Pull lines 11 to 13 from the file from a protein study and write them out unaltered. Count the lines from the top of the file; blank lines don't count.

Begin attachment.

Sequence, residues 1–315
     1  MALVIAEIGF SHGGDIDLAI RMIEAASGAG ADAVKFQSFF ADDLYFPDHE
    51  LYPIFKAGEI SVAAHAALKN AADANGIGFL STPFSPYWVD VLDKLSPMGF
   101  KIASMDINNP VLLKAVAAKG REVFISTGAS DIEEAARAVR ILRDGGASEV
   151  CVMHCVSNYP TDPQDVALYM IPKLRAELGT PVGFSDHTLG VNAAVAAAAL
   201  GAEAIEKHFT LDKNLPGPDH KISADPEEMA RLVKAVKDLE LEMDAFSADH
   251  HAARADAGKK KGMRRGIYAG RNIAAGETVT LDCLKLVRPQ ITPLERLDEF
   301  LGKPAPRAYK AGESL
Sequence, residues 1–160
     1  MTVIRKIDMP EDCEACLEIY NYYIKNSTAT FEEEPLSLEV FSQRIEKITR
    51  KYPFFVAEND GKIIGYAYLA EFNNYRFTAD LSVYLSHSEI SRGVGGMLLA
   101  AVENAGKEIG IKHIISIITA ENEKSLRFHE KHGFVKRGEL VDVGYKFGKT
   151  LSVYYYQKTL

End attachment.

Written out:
    51  KYPFFVAEND GKIIGYAYLA EFNNYRFTAD LSVYLSHSEI SRGVGGMLLA
   101  AVENAGKEIG IKHIISIITA ENEKSLRFHE KHGFVKRGEL VDVGYKFGKT
   151  LSVYYYQKTL